Yesterday, seven Covid-related deaths and 4,962 new cases were recorded across the country, with 350 cases in Cork.
According to the Irish Nurses and Midwives Organisation, Cork University Hospital has more than 100 nurses out for Covid-19 reasons and the ICU One ward was closed yesterday as only four nurses were available to staff it.
Dr Mary Favier, Covid-19 adviser to the Irish College of General Practitioners, said the situation is now “very scary”.
“The HSE has all sorts of contingency plans, but it is a deep concern,” said Dr Favier. “We can’t stop what has happened over the last two weeks. From today on, however, we can affect the cases going forward. We need to buck this trend as, otherwise, our hospital service won’t function.”
Fianna Fáil TD for Cork North Central, Pádraig O’Sullivan, said the Government needs to “hold its hand up” with regard to relaxing restrictions before Christmas.
“The Government has to hold its hand up with opening up for hospitality. The retail run into Christmas all contributed to this rise.
Mr O'Sullivan added. “You won’t always get it right. I do think those decisions are made with the best of intentions and people’s best interests at heart. The Nphet model at that time wasn’t suggesting things would escalate this quickly,” he added.
Deputy O’Sullivan has said he will be calling for the rollout of the vaccine to be implemented as soon as possible. “The vaccine gives us hope. I will be recommending that we need to get this expedited as quickly as possible. Personnel who work in schools and similar childcare facilities also need to be prioritised for quicker vaccination than they currently are.”
The Cork TD agrees with regularly reviewing whether schools’ should re-open on Monday, January 11. “There is no point being dismissive and saying they will open at all costs on January 11. It is the responsible thing to keep this under review. It has to be safe for everyone,” he added.
Sinn Féin TD Thomas Gould has criticised the Government's contact tracing efficiency.
“We don’t have a tracking and tracing system that is fit for purpose. The other issue is people coming into the country. There was no traceability or testing done on them. The failure to implement a proper tracking and tracing system has been very disappointing.”
Dr Favier said SouthDoc in Cork reported an extraordinary surge of calls over the weekend.
"They reflect that Cork had the highest figures on Saturday. Our GPs are under serious pressure. If they close, people will then go to emergency departments which will ensure they will then be overwhelmed. There are already staffing problems in various hospitals. It is a frightening scenario,” she said.
Dr Favier has appealed to people to get back to basics to try and stem the increasing tide of rising cases nationwide which are expected to rise further in the coming days. "I often use the analogy that we are currently 12 points down at half-time. We are now starting the second half. We need to keep our heads up and refocus. I think we can do it, but we need to do the small things right,” the GP added.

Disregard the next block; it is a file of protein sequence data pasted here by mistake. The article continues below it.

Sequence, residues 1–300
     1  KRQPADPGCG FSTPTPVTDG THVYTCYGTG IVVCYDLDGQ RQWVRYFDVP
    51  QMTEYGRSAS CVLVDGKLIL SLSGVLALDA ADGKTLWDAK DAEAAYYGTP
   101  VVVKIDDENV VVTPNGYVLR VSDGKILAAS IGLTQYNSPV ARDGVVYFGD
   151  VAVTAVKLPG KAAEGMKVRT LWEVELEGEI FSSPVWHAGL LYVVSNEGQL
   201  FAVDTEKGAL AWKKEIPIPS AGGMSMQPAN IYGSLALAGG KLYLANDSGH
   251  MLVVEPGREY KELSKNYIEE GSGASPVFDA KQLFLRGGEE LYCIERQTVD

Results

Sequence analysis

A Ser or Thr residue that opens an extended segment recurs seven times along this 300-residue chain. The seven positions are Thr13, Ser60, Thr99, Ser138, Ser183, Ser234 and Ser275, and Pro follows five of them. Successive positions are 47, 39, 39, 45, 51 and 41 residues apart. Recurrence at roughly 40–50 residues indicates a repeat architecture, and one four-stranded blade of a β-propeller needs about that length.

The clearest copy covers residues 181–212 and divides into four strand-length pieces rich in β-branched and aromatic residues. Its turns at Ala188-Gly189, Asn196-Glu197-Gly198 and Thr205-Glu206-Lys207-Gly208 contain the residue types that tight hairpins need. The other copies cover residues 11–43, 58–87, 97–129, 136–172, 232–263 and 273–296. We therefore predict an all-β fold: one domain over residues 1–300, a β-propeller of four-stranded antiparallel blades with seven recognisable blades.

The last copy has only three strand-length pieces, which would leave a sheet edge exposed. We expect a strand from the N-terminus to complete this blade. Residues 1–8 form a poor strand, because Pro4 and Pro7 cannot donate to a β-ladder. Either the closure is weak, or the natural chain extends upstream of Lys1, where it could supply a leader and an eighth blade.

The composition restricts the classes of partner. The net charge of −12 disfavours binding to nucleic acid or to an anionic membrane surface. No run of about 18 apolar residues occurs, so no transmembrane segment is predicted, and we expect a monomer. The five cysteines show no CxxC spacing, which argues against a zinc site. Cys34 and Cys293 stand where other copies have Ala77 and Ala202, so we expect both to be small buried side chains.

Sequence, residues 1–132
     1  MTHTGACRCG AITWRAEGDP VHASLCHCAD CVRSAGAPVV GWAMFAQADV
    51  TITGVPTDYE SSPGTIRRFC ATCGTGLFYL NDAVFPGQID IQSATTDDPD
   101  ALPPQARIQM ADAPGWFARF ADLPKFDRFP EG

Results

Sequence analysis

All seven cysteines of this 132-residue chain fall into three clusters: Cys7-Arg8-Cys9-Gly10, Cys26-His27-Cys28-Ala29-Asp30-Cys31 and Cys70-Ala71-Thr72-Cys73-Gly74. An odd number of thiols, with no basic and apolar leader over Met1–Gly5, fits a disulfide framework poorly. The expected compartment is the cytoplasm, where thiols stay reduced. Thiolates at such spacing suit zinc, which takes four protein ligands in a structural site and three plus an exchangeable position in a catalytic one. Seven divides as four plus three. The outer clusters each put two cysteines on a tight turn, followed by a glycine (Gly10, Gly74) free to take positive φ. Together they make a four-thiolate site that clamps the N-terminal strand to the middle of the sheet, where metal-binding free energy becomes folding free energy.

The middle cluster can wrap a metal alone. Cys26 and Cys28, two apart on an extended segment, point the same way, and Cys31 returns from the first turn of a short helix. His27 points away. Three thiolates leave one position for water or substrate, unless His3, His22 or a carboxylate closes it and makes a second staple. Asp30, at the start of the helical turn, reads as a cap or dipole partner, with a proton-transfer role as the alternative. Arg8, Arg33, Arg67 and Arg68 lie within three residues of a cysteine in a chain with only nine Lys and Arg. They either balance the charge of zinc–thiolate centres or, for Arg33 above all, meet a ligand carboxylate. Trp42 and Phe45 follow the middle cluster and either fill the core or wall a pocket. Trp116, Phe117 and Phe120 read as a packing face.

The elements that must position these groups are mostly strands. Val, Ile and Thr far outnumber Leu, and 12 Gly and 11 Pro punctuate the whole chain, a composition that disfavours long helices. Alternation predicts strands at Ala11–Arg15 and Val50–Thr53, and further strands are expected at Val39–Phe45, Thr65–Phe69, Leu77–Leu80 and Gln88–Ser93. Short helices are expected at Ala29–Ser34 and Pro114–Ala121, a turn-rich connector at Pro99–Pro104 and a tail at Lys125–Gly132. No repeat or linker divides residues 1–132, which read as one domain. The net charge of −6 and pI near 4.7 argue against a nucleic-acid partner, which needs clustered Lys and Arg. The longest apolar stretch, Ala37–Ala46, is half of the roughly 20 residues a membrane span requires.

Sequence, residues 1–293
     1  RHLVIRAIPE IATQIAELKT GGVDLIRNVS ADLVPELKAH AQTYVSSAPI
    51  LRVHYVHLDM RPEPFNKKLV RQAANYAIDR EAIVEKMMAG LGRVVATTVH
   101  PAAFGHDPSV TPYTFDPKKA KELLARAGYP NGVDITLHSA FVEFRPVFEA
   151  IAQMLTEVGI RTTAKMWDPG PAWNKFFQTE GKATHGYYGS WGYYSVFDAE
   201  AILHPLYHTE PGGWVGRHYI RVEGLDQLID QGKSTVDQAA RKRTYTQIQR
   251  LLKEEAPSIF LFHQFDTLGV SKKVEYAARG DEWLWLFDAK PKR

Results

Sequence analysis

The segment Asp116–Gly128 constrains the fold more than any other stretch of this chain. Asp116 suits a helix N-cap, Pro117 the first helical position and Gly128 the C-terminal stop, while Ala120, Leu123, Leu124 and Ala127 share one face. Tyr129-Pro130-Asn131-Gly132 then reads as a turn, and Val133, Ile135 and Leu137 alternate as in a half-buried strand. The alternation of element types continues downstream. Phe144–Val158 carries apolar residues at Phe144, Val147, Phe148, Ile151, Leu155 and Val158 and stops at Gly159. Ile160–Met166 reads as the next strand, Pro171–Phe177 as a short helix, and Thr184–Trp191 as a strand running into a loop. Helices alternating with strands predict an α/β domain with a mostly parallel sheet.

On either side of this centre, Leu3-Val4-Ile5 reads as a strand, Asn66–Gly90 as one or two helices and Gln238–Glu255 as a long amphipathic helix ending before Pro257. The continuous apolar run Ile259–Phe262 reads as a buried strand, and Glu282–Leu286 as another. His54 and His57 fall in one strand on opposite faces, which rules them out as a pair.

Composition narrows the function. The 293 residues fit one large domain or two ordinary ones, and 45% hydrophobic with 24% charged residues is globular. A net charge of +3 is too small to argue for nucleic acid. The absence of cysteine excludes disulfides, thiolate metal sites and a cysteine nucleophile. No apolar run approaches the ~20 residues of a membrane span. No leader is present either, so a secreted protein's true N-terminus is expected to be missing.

The GP revealed that the huge spike in cases is not due to the variant, but rather the social activities of people over the festive season. “The stats are very concerning but not unexpected. It seems unlikely that they are related to the new variant yet in terms of substantive numbers. It is down to our personal behaviour. It is what we were all doing over Christmas and in recent days in terms of meeting people. This is evident in the close contacts going from three to eight. GPs are reporting that 100% of close contacts are becoming positive.”
Yesterday, there were seven additional deaths related to Covid-19 notified with 4,692 new cases.
1,260 cases were in Dublin, 652 in Limerick, 350 in Cork, 321 in Louth, 238 in Meath and 2,141 spread across all remaining counties.
INMO General Secretary, Phil Ní Sheaghdha, said the situation being relayed by frontline staff is now "disturbing".
“What we are hearing from members across the country this weekend is deeply disturbing. The progress we made on keeping case numbers down seems to be completely undone.
“Covid is creating more patients while also depleting staffing. It’s a vicious combination. Staff are far more experienced than they were at the start of this pandemic, but the sheer numbers are difficult to cope with.
Dr. Tony Holohan, Chief Medical Officer at the Department of Health, said: "This is a critical time. We are seeing a really significant surge in infection, which is leading to a very rapid increase in both hospitalisations and admissions to critical care units.
"This is not only unsustainable for the healthcare system, but also a deeply concerning level of preventable sickness and suffering that we must work together to address as quickly as possible.
"The number of people in hospital with COVID-19 has more than doubled from this day last week, and so has the number of people in ICU.
"Remember that behind each hospital statistic and ICU figure is a real person like you, with a family who cares about them, and a team of healthcare workers dedicated to protecting their lives. We must be as dedicated as we all were in the spring in our commitment to following the public health advice.
"Act as though you are infectious. Stay at home. Work from home starting from tomorrow, and if you are an employer, ask your employees to work at home. What we all do at a collective level today will have a direct impact on the level of infection and hospitalisations in the weeks to come.
"Your safe actions now will protect our hospitals and those who work so hard in them. Simply put: when you stay at home, you protect the frontline healthcare workers who have worked tirelessly to keep us all safe throughout this pandemic. Hold firm and remember them."